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Mosaic ATCI'm really drawn to mosaics, but I've often felt they were overwhelmingly time-consuming. Not only do you have to create lots and lots of identical clay tiles, but you then have to line them up perfectly and adhere them to your background surface. And don't get me started on the mess grout can be! Still, I love the look — and when I'm in a certain kind of mood, it's worth all the time involved.

But when I got Laurie Mika's Mixed-Media Mosaics book, I realized mosaics don't have to be so time-consuming. I read her book cover-to-cover as soon as I got it (it's one of those craft books that's actually interesting to read!). I was immediately attracted to some of Mika's time-savers, like the fact that she uses a variety of tile sizes and that (gasp!) she doesn't use grout. Now that I've had a chance to try out some of her projects, I wanted to share my thoughts.

About The Book

First of all, let me just say that this whole using-different-sizes-of-tile thing is new to me. I've mentioned here a time or two that I tend to be a little obsessive-compulsive. There's a reason I'm a big fan of TV's "Mr. Monk." So I was originally pretty unsure about making the tiles different sizes. Shouldn't all the tiles line up perfectly? Aren't perfect geometric patterns part of the beauty of mosaics?

But I'm sold on the idea now. First, it's way easier just to make a bunch of different-sized tiles. No measuring, no stressing. And I ended up enjoying the puzzle-like assembly of all the different elements. I was surprised at how well it all matched up, actually — I had to trim my clay tiles here and there, but nothing major. And it was freeing not to worry about whether things lined up perfectly.

2843356151_f2fdfb2c7b_m.jpgOf course, this this puzzle-like arrangement all works out because of Mika's unique alternatives to grout. My favorite is the "grout stick" made with metal leaf (I also love the other cool things she does with metal leaf). There's still a time and a place for grout, and she has a few tips on that towards the end of the book. But the no-grout approach is clean and fast, and I can certainly see using it for many of my mosaic projects.

2844196428_58da631ea1_m.jpgAnother pleasant surprise about this book: I didn't realize just how much I'd enjoy the tile-making. It was really a lot of fun — I could have spent hours building up a huge supply of tiles! She has several different techniques (stamping, painting, scoring, etc.) for making your own tiles from clay or decorating pre-made tiles.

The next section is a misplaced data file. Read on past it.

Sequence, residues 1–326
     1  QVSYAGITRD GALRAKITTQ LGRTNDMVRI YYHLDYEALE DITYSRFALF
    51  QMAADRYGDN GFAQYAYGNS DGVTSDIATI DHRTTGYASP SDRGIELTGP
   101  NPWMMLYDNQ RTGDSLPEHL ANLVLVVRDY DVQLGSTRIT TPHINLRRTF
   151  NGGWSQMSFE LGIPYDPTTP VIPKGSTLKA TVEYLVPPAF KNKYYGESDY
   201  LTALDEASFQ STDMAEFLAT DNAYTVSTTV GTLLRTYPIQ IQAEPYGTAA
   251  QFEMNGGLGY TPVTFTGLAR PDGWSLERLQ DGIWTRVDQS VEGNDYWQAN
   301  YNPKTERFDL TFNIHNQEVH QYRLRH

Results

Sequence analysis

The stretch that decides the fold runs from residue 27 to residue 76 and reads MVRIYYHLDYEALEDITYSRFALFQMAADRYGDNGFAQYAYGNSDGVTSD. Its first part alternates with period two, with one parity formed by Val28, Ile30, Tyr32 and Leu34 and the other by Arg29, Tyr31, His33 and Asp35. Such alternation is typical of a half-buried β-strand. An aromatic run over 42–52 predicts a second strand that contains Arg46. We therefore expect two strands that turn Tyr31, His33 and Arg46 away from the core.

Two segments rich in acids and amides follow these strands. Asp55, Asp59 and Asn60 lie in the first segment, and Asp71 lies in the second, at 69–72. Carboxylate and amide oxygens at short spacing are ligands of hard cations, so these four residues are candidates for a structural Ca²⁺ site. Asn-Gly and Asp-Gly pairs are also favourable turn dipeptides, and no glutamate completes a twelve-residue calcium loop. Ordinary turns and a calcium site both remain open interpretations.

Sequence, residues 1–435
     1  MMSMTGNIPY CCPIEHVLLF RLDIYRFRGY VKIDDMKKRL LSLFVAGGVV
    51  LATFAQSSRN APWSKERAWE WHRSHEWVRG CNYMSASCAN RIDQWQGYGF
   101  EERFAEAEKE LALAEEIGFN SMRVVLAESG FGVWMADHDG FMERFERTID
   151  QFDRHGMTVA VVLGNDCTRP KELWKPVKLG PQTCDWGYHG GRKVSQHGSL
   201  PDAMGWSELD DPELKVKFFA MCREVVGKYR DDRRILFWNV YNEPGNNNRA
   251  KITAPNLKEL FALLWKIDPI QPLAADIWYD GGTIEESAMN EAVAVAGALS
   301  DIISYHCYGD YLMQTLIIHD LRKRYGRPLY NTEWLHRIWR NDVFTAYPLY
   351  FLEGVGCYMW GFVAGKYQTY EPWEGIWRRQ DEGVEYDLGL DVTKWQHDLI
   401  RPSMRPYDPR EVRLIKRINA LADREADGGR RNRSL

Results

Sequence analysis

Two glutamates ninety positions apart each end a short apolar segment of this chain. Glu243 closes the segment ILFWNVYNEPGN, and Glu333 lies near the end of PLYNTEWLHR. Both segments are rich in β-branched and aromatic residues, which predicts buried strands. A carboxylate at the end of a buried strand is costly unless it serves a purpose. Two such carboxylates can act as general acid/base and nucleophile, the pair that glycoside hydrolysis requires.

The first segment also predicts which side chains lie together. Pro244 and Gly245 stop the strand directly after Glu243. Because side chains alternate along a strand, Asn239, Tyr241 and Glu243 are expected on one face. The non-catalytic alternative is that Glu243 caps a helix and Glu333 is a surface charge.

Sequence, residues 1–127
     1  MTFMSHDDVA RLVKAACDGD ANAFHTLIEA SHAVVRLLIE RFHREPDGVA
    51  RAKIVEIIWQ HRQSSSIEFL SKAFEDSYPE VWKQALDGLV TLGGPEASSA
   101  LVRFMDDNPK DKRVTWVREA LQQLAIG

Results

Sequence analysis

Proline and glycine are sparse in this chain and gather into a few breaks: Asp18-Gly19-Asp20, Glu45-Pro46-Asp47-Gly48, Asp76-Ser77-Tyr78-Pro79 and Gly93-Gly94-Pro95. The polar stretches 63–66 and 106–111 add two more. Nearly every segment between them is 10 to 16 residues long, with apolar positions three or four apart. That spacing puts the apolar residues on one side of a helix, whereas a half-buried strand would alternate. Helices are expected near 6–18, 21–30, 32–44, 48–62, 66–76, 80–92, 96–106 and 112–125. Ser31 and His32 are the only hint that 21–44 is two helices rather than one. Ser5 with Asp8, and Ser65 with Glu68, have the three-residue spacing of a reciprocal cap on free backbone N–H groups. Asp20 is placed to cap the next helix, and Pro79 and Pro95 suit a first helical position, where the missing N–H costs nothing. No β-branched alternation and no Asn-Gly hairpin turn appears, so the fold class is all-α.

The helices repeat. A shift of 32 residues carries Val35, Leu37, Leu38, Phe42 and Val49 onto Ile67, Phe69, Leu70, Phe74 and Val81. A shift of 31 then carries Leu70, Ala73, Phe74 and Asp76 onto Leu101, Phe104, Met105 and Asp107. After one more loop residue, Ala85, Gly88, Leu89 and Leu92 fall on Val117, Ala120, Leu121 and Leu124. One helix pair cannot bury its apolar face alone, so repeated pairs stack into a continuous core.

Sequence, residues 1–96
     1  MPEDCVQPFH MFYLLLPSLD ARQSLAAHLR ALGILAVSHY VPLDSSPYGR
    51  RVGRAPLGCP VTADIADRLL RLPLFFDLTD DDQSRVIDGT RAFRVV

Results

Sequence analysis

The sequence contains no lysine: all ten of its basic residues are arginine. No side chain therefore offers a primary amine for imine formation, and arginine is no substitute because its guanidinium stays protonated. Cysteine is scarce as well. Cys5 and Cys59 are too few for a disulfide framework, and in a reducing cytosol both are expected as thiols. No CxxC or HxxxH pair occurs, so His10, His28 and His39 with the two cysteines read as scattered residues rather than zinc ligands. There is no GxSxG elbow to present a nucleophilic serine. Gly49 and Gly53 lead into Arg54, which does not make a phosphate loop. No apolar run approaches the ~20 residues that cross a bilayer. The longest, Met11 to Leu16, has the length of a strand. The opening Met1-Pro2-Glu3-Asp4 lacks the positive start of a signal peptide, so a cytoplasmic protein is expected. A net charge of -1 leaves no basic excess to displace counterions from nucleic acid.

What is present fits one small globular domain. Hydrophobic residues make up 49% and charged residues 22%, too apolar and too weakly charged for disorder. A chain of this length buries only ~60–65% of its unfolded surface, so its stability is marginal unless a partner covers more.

Some die-hard "why-would-I-buy-what-I-can-make?" polymer clay artists may cringe at that last part... Mika encourages the use of pre-made tiles to supplement your handmade ones. I bought a few glass tiles for my first project, and I'm still unsure whether I like the idea. Yes, it's much easier to grab a few perfectly shaped, color-matched tiles from a bag. And it can give a nice range of textures to your artwork. Still, there's something about it I don't like. Maybe I'll get more comfortable with the idea after a few projects. Or maybe I'm just a polymer clay purist. Either way, I'm glad she included this idea for another mosaic time-saver.

There were a couple of places I felt the book was lacking. First, she recommends using Original Sculpey White for many of her tiles. I always cringe when I see that, especially in a book like this that's intended both for polymer clay and mixed media artists. I wish she had given information on the clay's strength issues, so that new-to-clay folks won't be disappointed if they find their tiles breaking.

Also, when I was scanning the Table of Contents, deciding whether to buy the book, I noticed what appeared to be a section on "Bringing Meaning to Your Work." I was looking forward to some discussion on the process of making mosaics, the artistry of combining elements to share a message. What I didn't notice til later is that this "section" is only one page — kind of a tease really. I would love to have seen more there.

However, we do get a peek into Mika's process in the 6 featured pieces of her art. I like that she tells how she found her supplies, what her inspiration was, etc. It's a nice glimpse at what she was thinking as she created some of her beautiful mosaics.


  • Title: Mixed-Media Mosaics: Techniques and Projects Using Polymer Clay Tiles, Beads & Other Embellishments, by Laurie Mika
  • Price: $16 + shipping
  • Pros:
    • Great tile-making ideas and painting tips. Unique ideas for mosaics, many of them real time-savers
    • Wonderful box and "mosaicon" projects
    • Nice descriptions of the process behind her featured works
  • Cons:
    • I don't like that she recommends Original White Sculpey
    • Would have liked to see more on "Bringing Meaning to Your Work"
  • Who It's Good For
    • Both mixed media artists new to clay and clay artists new to mosaics will likely enjoy this book's tips. And the wide range of unique ideas should satisfy intermediate clayers and mosaic buffs.
    • If you're the type who wants to create something exactly like the book's examples, you'll be disappointed. She uses lots of found objects, so that's pretty much impossible. While that makes it a little trickier to decide how and where to start, it's good in that you're challenged to do your own thing.

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CraftyGoat's Notes is all about sharing polymer clay tips & tricks that have worked for me. (And even a few that haven't!)

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